Why male role models are more critical than ever

Bart_Simpson-Role_ModelHave you noticed how it’s become both politically correct and socially acceptable to bash males early and often during the workday? I know many men have.

As a sort of mild rebuttal, I thought I’d share a compelling argument for the growing NEED of more male role models from a most unlikely source.

A New York Times feature quoting a Major League Baseball survey said only 8.3 percent of players on Opening Day identified themselves as African-American or black. That compares to an all-time high of 19 percent in 1986. In fact, there are fewer blacks in MLB than at any time since 1959.

So, what’s that got to do with male role models, you ask? Bear with me.

Like many other know-it-alls, I’d always assumed the reasons for black flight from baseball to football and basketball were obvious: the latter sports were just a whole lot faster and cooler.

Well, according to the Times, that’s NOT why blacks have abandoned baseball. Rather, the reasons are two-fold:

– Division I college baseball programs offer only 11.7 scholarships per team and those few are divided among many, many players. As a result, says the Times, choosing baseball over scholarship-rich football or basketball programs made little sense to gifted young athletes from low-income families.
– As the Yankees’ C.C. Sabathia told the Times,  “Baseball’s a sport where you learn how to play catch with your dad. There’s a lot of single-parent homes in the inner city, so it’s hard to get kids to play.” As an aside, a SmartCEO profile of FUBU founder Daymond John said he was raised by a single parent after his father left home when he was 10. John turned to clothes instead of Little League, and the fashion industry’s gain became MLB’s loss.

I can relate to the second scenario. My uncle, Buddy, made it his business each and every Saturday morning to take my cousin, Barry, and me, into our backyard beginning when we were three or four years of age. He taught us how to catch, hit, throw and run the bases.

Buddy also made sure Barry and I played Saturday Morning League, Farm League and Little League baseball. While neither of us made it to the Bigs, we had a male role model who might have enabled it. That’s a distinct competitive advantage.

So, the next time you pick up a book asking if men are still necessary, read another business magazine extolling the countless reasons why women make better leaders or overhear a co-worker say something like, “What do you expect? He’s a man,” think about ALL of the missing male role models in so many American families today. And, think about the impact the missing male role model is having on the development of someone’s son or nephew.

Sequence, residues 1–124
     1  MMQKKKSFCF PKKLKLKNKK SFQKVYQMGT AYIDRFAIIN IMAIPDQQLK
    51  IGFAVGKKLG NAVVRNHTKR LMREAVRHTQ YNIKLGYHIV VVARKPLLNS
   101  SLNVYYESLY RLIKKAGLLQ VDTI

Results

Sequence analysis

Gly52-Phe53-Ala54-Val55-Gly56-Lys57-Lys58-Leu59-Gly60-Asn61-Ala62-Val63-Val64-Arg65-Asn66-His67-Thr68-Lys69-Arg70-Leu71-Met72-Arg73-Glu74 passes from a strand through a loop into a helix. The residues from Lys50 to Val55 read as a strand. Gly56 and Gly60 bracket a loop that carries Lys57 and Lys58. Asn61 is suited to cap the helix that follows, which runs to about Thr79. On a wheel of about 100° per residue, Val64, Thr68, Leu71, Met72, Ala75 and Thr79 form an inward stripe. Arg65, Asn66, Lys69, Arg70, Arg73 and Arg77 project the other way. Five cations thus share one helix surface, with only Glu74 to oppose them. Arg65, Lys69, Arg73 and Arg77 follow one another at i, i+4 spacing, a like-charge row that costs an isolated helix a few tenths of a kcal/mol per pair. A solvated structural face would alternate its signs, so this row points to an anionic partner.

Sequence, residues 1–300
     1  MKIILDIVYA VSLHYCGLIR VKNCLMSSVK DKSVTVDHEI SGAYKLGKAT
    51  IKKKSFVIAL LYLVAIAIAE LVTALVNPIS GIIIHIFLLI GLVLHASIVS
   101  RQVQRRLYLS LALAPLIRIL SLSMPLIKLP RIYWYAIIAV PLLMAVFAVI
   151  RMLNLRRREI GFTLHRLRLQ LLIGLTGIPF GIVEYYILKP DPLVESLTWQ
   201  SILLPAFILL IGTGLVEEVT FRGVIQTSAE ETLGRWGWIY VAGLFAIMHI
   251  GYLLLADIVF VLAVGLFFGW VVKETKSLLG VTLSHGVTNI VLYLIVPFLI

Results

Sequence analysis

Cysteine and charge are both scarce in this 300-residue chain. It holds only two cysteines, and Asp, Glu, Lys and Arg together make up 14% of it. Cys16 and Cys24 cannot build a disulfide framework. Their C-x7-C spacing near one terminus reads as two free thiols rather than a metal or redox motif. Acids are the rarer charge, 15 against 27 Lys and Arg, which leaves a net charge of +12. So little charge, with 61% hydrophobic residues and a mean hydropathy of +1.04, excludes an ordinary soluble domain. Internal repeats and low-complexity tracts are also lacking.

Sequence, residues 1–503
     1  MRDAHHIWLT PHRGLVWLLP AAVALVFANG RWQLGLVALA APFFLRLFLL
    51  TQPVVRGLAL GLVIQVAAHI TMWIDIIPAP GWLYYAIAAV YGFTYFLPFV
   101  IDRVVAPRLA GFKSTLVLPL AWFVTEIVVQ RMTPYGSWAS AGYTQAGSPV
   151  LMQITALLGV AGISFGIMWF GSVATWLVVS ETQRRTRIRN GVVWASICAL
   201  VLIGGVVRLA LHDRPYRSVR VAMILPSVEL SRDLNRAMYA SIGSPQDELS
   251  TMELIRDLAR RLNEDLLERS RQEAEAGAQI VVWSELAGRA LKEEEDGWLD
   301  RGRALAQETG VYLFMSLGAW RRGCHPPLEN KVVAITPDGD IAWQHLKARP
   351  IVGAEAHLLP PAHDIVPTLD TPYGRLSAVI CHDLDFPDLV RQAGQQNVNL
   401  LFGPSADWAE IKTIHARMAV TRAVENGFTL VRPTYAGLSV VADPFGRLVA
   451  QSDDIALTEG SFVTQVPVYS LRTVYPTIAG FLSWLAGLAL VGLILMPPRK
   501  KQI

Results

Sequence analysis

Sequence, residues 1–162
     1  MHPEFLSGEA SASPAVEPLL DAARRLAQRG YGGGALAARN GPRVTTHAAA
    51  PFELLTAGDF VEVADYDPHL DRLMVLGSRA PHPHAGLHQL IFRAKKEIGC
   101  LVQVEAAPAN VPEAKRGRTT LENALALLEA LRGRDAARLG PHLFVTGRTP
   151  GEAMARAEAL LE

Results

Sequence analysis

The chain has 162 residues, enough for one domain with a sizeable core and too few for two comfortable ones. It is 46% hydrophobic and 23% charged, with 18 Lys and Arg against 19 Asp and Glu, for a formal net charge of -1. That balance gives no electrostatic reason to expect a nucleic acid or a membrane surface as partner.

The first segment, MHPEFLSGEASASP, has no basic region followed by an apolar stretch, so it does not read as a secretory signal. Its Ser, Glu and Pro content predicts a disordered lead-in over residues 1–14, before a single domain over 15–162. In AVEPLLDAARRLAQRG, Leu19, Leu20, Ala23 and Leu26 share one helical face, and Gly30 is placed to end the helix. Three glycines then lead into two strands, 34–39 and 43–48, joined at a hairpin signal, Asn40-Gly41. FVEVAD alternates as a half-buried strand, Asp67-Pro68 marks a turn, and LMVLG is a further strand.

Forget about whether the kid will play major league baseball or not. Boys need the steadying hand, guidance and counseling that can ONLY come from a trusted and competent male role model.

OK, ladies. Go for it. Bash me for being just another typically boorish Neanderthal.

7 thoughts on “Why male role models are more critical than ever

  1. Can’t agree enough with this take, especially the last sentence: “Boys need the steadying hand, guidance and counseling that can ONLY come from a trusted and competent male role model.” And I think that’s even more evident in the inner cities. Having come from a minority household WITH a father figure, I considered myself fortunate. The notion that men are irresponsible and crass is so prevalent in the media today that many folks, including men, are subliminally buying into it. I’m not saying it’s the media’s fault – clearly there is a concept of accountability us men need to learn – but it would be great to see more TV shows and movies about great dads. Maybe Daniel Murphy of the Mets can star in one?… And about the declining number of blacks in baseball, I wonder, if it’s an issue related to missing fathers, why is it that we have a large number of Latinos in the game, considering that as a minority group, Latinos also have many one-parent homes?

  2. And that’s the excuse the Jet’s used in West Side Story!
    “Dear kindly Sergeant Krupke,
    You gotta understand,
    It’s just our bringin’ up-ke
    That gets us out of hand.
    Our mothers all are junkies,
    Our fathers all are drunks.
    Golly Moses, natcherly we’re punks! “

  3. Interesting response, Danderoo. I was merely confirming a fact mentioned in an exhaustive study undertaken by Major League Baseball and published in the New York Times. Many disadvantaged boys from urban areas suffer because they come from broken families minus a father figure. As I noted at the end, the blog actually had little to do with baseball, and everything to do with the continuing need for strong male role models in our society. That’s why I also asked women everywhere to first think about the larger societal issues before they next lambaste men in general for our many faults.

  4. Rep have you completely lost your mind? WHY is it ALWAYS sports with you guys! You think the pulse of the socio-economic situation is measured by how many BLACK ball players there are- and some guy turned to the fashion industry cause he was raised by a single mother? Did you really write this, or is this really a guest post by the 32nd Street fruit stand guy.
    Holy Moses!